The Ambassador in France (Straus) to the Secretary of State

No. 1964

Sir: I have the honor to acknowledge the receipt of the Department’s instruction No. 908 of June 12, 1935,83 asking the Embassy’s views concerning whether it is desirable to make a formal reply to the Ministry for Foreign Affairs’ note of May 6, 1935, in further regard to the proposed economic reforms in Morocco.

Unless the Department were disposed to give consideration to some modified and limited version of the plans for economic reform in a spirit of what the Ministry for Foreign Affairs in the last paragraph of its note terms “from a practical rather than a juridical standpoint”, I am inclined to agree that no useful purpose will be served in replying to the French note at the present time. In fact, shortly after the delivery of the note, an official of the Foreign Office in an altogether personal and informal manner suggested that the matter be permitted temporarily to rest. Moreover, since the drafting of the French note the situation has undergone considerable change. As the American diplomatic and consular missions in Morocco have reported, serious opposition to the economic project has developed in Morocco, and France has made little progress in winning over to its views the powers signatory to the Act of Algeciras. In consequence, it would seem advisable before responding to the French communication to await action by other interested Governments which, either through their opposition to the plan or through dilatory tactics, might possibly relieve the United States from bearing the brunt of opposition to the project. Certainly there would seem to be no reason to reply until some anxiety in the matter is shown by the French authorities.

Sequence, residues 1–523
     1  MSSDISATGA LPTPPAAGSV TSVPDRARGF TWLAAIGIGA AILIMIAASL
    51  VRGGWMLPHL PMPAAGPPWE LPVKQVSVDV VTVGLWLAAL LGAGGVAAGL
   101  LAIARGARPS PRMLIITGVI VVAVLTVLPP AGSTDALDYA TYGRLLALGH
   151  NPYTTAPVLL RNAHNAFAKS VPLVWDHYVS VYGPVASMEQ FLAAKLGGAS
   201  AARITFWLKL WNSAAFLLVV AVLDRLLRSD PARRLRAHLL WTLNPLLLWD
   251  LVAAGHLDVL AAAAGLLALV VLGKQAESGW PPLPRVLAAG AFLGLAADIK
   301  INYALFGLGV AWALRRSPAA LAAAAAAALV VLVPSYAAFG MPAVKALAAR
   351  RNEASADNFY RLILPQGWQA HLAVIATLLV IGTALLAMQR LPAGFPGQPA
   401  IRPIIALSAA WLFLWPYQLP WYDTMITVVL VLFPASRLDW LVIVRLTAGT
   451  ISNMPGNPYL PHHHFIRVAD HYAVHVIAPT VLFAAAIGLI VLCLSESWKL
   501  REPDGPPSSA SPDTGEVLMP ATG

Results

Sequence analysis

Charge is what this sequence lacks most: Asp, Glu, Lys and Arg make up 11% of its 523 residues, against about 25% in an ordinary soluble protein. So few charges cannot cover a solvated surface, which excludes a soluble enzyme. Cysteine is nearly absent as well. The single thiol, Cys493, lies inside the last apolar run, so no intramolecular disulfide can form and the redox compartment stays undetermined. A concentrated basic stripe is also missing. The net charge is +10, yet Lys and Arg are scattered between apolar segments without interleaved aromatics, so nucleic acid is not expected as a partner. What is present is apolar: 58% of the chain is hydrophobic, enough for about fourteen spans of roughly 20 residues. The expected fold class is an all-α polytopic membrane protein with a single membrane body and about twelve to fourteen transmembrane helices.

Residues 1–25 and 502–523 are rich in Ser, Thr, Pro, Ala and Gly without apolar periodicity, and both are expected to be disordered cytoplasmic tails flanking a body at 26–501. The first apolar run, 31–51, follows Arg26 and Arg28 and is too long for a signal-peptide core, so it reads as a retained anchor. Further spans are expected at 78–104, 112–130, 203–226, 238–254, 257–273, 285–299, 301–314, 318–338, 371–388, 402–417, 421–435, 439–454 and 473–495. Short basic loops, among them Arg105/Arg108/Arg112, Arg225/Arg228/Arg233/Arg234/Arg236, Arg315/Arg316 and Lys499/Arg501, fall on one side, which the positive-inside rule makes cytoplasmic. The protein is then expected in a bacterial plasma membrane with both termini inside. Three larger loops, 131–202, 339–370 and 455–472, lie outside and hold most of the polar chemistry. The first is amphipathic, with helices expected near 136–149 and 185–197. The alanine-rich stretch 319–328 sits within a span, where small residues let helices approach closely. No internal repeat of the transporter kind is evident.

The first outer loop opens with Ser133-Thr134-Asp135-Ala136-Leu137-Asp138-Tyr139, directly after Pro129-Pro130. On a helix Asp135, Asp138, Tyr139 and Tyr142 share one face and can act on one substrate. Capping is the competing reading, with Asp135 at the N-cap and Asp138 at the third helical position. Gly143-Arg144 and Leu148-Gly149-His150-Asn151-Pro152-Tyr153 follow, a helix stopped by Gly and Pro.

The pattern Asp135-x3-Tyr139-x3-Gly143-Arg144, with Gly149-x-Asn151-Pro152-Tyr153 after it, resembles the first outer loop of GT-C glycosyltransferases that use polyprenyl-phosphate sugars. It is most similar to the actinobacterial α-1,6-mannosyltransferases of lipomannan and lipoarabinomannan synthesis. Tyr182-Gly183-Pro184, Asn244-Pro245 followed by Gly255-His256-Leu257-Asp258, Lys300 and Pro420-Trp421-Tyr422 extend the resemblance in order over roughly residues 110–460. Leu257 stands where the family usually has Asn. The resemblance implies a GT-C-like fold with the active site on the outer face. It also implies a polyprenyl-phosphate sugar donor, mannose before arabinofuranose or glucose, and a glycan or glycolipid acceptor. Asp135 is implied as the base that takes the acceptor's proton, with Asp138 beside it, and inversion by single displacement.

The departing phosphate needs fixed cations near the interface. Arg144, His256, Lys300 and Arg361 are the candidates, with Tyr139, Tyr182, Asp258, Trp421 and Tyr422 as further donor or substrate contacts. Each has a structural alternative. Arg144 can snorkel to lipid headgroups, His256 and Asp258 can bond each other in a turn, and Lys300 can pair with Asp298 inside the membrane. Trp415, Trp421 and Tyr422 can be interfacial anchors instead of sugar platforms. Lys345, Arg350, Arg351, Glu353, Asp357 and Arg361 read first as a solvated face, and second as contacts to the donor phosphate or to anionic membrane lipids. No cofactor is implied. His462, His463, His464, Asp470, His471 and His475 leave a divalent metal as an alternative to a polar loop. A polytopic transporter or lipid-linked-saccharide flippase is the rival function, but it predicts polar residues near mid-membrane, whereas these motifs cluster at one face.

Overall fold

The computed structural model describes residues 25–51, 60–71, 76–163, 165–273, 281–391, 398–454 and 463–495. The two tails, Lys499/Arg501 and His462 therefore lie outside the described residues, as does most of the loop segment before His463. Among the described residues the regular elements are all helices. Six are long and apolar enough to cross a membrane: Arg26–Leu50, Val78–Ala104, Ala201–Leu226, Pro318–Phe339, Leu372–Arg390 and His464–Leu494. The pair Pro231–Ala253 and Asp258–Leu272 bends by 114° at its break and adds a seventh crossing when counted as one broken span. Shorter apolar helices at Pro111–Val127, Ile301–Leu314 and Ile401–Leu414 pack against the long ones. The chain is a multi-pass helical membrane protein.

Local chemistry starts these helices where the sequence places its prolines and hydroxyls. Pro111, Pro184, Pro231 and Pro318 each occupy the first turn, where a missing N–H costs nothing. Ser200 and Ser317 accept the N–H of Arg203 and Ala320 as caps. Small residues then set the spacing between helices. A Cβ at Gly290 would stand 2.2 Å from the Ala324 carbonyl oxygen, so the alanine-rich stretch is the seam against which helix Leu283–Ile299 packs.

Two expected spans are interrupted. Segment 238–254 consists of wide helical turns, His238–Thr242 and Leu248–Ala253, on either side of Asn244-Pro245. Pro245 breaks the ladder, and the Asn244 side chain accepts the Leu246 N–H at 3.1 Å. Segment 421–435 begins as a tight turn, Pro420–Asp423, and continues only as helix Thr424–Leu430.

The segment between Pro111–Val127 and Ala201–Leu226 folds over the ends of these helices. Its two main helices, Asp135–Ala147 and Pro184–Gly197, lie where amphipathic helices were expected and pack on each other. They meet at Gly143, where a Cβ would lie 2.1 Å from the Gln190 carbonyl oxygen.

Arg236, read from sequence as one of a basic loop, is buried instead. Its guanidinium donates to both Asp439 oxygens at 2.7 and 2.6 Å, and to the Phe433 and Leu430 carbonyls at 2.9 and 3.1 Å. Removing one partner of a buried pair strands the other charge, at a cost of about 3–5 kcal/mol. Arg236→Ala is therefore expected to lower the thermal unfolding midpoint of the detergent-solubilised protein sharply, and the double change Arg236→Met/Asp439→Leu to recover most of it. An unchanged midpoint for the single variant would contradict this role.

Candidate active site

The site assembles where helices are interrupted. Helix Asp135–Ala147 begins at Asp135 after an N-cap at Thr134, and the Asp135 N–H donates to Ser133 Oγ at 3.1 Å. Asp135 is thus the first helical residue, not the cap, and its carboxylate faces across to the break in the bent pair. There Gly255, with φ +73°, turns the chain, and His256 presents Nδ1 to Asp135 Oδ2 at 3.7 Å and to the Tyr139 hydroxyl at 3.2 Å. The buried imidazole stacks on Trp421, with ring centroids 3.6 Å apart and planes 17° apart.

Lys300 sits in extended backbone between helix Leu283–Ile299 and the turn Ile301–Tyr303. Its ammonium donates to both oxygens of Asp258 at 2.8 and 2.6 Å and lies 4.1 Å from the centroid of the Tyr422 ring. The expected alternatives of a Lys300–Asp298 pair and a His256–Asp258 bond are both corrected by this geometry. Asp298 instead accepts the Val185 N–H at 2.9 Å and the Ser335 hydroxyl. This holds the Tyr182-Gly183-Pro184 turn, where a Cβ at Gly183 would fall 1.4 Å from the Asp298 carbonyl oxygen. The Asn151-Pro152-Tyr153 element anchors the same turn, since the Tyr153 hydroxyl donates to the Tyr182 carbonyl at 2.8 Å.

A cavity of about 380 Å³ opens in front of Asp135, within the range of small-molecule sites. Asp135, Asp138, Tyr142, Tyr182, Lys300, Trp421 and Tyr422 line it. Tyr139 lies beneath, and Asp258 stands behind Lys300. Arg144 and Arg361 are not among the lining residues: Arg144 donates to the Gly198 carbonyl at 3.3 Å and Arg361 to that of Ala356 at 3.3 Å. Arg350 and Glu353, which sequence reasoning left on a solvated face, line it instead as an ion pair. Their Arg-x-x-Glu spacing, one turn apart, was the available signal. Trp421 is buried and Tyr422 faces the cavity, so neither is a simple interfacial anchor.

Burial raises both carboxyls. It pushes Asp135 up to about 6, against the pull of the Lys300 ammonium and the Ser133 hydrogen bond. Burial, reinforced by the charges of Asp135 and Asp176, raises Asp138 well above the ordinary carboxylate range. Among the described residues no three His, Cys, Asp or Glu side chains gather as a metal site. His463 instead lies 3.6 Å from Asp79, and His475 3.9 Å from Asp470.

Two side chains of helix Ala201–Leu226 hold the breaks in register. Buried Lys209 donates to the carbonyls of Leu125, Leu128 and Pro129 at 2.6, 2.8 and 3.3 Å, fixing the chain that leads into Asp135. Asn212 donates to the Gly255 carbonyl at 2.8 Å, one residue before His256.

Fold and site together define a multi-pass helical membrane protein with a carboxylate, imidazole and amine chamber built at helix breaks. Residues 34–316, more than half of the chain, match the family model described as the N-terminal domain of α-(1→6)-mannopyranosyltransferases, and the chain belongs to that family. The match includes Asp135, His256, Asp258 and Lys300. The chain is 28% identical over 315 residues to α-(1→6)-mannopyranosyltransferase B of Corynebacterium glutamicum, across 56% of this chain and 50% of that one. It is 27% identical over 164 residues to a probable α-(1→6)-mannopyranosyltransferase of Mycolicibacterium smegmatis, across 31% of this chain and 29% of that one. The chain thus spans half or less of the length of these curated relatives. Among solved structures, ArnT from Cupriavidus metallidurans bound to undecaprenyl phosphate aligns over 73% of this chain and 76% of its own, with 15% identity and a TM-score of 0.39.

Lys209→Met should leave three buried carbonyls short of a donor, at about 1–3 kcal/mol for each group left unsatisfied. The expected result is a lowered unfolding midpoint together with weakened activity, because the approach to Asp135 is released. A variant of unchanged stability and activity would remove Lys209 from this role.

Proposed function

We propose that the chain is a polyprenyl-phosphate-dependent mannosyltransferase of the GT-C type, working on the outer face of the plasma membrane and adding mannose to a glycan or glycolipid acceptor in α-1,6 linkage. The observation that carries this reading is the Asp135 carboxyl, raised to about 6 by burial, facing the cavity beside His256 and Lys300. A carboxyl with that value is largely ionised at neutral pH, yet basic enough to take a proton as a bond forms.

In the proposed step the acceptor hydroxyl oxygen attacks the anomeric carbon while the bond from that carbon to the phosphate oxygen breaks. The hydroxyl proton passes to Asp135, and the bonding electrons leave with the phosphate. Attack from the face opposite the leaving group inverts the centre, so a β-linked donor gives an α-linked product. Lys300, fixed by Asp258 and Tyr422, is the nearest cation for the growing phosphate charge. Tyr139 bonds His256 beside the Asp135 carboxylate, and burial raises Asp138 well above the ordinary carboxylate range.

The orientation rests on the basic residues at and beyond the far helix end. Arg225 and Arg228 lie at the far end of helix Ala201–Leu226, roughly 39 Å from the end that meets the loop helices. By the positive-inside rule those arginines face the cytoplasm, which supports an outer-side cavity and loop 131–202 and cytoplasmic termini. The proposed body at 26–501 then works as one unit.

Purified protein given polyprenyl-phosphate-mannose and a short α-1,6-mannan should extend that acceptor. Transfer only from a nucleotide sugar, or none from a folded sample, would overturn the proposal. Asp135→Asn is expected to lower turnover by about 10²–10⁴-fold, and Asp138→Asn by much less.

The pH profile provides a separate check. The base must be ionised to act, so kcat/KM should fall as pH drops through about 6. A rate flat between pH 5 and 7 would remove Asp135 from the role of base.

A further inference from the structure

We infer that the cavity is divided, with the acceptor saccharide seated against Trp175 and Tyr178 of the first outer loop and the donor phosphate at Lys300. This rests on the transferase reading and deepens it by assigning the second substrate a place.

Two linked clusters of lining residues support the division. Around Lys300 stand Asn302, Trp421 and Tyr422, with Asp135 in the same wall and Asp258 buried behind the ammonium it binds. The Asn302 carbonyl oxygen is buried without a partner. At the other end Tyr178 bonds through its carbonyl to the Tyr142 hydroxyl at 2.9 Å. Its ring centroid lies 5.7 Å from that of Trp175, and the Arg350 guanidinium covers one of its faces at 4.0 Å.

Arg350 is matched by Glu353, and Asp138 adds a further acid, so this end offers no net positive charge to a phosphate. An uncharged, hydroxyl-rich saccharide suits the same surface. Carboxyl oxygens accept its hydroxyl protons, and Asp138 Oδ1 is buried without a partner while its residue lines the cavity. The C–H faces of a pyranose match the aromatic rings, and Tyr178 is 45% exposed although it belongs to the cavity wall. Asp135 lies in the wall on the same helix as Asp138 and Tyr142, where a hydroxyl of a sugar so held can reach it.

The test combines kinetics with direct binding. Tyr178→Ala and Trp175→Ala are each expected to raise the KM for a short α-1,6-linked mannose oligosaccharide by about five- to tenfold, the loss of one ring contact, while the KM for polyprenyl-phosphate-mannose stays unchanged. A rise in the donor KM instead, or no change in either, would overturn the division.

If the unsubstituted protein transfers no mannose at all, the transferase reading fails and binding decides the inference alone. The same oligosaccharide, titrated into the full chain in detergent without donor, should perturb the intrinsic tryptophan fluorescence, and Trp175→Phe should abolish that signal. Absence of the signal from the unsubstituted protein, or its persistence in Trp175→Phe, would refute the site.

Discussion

Respectfully yours,

Jesse Isidor Straus
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